Dr. Skotnicki also told me that she knows of no real long-term downside to taking collagen supplements, but did mention that there is some concern about the safety of eating ground up bones of animals (chickens, etc.) due to "the possibility of infectious particles in the animal" or "contamination of this protein."

Are there any vegan options?

Unfortunately, Dr. Skotnicki informed me, there is no such thing as vegan collagen since it comes from fish and land animals. A possible vegan alternative, she says, is to eat proline and hydroxyproline, "which are amino acids that make up collagen or are precursors to collagen production." These can be found in fruits and vegetables, but she cautioned that studies on whether this is actually effective or comparable to collagen supplementation are lacking.

Beyond supporting the skin, what else does ingestible collagen do?

According to Foy, this supplement also may be especially beneficial for athletes and those who are active, because it helps "to support connective tissue and reduce the risks of injury which is almost [always] connective tissue damage."

While recent scientific reviews have focused primarily on the effects of collagen on the skin, there are studies that have been conducted to discover additional joint-related benefits. A 2016 study showed significantly improved knee function in subjects with modulating knee osteoarthritis symptoms. And Health Canada's Natural Health Products Ingredients Database cites three studies (Bruyère et al. 2012; Benito-Ruiz et al. 2009; Clark et al. 2008) when discussing the potential impact of hydrolized collagen on joint pain. Another study suggests fish collagen peptides may even be useful in bone healing. However, this current research has its limits, and many of the studies cited here call for further work to be done to support their findings.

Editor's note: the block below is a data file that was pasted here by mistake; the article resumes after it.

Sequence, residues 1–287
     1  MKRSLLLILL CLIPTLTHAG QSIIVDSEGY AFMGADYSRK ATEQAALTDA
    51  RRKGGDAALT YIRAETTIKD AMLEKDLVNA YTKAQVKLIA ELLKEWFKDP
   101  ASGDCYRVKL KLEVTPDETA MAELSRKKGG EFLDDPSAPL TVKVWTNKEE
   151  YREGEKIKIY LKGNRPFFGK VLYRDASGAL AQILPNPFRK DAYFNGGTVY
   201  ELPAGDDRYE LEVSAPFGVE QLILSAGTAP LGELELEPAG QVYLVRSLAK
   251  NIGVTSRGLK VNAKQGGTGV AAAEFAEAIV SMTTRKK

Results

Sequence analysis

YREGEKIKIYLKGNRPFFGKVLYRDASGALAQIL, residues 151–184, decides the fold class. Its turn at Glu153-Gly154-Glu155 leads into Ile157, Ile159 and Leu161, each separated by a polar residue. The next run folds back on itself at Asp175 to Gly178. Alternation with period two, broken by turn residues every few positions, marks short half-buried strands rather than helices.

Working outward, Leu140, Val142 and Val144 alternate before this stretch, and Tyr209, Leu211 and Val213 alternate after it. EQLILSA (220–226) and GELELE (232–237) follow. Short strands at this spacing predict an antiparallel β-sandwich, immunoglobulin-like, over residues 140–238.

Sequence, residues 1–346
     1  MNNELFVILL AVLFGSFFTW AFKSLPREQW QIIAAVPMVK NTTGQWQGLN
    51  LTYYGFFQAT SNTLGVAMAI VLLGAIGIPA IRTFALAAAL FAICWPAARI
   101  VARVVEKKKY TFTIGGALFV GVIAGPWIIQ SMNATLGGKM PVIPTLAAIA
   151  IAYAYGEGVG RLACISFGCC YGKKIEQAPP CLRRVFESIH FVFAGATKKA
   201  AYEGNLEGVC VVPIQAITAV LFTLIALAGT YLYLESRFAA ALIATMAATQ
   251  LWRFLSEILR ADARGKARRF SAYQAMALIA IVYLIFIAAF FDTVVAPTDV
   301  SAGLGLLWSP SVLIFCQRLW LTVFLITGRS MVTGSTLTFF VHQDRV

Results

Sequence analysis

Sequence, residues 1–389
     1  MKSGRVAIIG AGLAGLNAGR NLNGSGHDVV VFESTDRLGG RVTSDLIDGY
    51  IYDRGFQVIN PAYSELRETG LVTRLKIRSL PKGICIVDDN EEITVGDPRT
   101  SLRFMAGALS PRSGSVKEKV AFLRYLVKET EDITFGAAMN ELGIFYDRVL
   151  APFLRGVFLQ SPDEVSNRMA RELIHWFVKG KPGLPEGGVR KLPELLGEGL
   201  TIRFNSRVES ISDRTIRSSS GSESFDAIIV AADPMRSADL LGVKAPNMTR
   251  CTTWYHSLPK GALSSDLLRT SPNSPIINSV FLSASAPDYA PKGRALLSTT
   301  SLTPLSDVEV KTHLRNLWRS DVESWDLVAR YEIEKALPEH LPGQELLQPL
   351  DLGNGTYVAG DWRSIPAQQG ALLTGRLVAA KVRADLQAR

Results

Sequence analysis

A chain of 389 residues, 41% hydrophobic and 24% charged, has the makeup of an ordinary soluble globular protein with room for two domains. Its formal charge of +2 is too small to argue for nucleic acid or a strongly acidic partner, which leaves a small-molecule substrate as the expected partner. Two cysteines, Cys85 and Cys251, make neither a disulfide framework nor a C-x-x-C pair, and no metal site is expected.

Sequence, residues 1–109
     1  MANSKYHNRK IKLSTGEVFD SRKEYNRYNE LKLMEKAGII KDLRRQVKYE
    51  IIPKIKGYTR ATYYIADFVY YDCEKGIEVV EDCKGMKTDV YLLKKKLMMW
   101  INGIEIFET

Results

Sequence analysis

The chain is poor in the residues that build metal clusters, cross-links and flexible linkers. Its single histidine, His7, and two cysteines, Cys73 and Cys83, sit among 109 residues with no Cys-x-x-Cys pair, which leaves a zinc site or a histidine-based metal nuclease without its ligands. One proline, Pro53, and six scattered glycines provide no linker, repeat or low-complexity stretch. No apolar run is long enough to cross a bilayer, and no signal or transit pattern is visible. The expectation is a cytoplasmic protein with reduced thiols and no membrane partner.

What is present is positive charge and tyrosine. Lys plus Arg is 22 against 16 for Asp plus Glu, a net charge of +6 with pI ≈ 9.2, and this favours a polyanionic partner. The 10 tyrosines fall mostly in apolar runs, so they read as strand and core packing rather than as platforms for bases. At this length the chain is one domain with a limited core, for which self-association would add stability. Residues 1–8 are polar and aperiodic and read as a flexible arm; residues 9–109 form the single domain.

If you do decide to work this trendy wonder of the wellness world into your routine via soups, smoothies or morning dose of caffeine, here's hoping this info has provided you with the confidence needed to tackle the supplements aisle. Given what the experts are saying, an "anti-aging" soup or skincare smoothie still sound pretty appealing.

Comments

To encourage thoughtful and respectful conversations, first and last names will appear with each submission to CBC/Radio-Canada's online communities (except in children and youth-oriented communities). Pseudonyms will no longer be permitted.

By submitting a comment, you accept that CBC has the right to reproduce and publish that comment in whole or in part, in any manner CBC chooses. Please note that CBC does not endorse the opinions expressed in comments. Comments on this story are moderated according to our Submission Guidelines. Comments are welcome while open. We reserve the right to close comments at any time.